How to Control Emotional Eating and Why You Should

Emotional eating is the most common form of food addiction. It can have very serious negative effects on your health. Emotions are complicated things; it’s not surprising that psychological research has not been able to predict them very well. But we do know a few things.

First, negative emotions are stronger and more long-lasting than positive emotions.

Second, we tend to remember negative things more than the things we are happy about.

Third, negative emotions are harder to resist. There is no magic trick to stop emotional eating.

But you can learn a few techniques that will help you resist it.

First of all, avoid situations that make you angry, sad or bored. If you know in advance that something will upset you, consider how you will deal with those emotions before you do it. If you’re in a bad mood, change the subject, go for a walk, or do something else.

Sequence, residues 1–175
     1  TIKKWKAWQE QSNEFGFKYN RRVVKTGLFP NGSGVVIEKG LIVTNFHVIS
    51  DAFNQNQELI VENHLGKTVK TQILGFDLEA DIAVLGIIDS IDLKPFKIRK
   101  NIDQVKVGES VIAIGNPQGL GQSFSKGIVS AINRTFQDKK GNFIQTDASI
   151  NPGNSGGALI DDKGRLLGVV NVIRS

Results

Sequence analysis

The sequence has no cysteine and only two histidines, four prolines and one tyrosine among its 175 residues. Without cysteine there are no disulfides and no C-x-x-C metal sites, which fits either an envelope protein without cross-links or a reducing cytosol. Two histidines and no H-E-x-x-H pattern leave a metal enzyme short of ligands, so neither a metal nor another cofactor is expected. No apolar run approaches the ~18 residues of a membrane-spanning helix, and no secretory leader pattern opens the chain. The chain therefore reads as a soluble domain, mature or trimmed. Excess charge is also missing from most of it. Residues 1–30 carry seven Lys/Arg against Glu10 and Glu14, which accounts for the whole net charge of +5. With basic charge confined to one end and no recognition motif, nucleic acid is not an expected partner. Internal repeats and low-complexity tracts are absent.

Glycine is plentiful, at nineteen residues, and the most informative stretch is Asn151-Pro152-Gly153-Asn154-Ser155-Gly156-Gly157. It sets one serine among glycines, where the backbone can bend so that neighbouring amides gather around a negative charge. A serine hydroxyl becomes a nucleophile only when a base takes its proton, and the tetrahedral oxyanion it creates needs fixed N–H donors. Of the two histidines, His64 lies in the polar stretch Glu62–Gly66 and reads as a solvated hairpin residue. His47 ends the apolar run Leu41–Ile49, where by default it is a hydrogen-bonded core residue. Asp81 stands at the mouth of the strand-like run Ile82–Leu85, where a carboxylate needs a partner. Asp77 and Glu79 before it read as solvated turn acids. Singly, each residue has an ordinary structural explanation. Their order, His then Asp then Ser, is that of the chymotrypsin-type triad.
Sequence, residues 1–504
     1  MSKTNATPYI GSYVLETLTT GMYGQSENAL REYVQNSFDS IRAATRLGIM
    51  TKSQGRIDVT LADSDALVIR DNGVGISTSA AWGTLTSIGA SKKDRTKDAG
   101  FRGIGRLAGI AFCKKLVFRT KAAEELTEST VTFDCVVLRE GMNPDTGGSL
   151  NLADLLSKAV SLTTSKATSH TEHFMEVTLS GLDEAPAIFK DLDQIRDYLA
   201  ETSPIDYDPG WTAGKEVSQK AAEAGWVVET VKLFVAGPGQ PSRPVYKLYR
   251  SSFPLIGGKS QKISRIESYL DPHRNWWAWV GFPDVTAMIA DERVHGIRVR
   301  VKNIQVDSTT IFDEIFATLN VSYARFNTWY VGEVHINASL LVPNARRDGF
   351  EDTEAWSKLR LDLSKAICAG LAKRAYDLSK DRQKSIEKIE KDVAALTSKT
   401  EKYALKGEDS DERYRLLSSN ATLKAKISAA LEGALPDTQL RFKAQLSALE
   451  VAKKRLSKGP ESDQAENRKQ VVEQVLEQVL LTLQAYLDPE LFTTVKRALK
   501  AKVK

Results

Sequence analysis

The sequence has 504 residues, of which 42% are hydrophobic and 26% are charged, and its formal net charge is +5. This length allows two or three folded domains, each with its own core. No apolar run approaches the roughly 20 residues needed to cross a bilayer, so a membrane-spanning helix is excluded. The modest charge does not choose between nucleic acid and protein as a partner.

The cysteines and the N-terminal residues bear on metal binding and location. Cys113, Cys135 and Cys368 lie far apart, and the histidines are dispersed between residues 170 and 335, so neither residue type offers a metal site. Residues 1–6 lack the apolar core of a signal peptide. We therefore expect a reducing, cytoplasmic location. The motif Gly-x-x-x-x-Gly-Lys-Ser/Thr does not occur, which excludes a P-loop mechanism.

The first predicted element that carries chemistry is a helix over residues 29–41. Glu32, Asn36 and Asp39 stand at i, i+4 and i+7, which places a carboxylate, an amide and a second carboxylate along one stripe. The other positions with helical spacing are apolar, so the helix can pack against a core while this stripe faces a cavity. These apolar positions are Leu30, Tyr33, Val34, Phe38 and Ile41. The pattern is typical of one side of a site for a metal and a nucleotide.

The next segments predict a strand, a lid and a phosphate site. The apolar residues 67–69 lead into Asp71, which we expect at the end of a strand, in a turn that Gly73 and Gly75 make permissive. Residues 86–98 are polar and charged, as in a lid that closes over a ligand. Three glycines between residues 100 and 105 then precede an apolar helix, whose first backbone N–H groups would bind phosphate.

Second, limit your consumption. When you buy something, ask yourself if you really need it. For a lot of people, the answer is that they don’t need anything, but they do it anyway.

Third, don’t tell yourself a story about how the world sucks. Negative emotions can’t be resisted by telling yourself how bad things are. Only positive emotions can do that.

Fourth, when you’re feeling stressed, don’t eat. It might seem obvious, but a lot of people forget this rule. When you are really stressed, it’s harder to resist temptation than you think. Just don’t give in to it.

Emotionally eating means eating when your emotions tell you to. Instead of calming yourself down, you comfort yourself with food. Emotional eating can spiral out of control into binge eating. Emotional eating makes us feel better, at least temporarily. But in the long run, emotionally eating is harmful to you.

Mary J. Payne
Mary has over 10 years of experience as a journalist. She loves to travel and write about her experiences, but she also covers topics such as education, career advice and finances.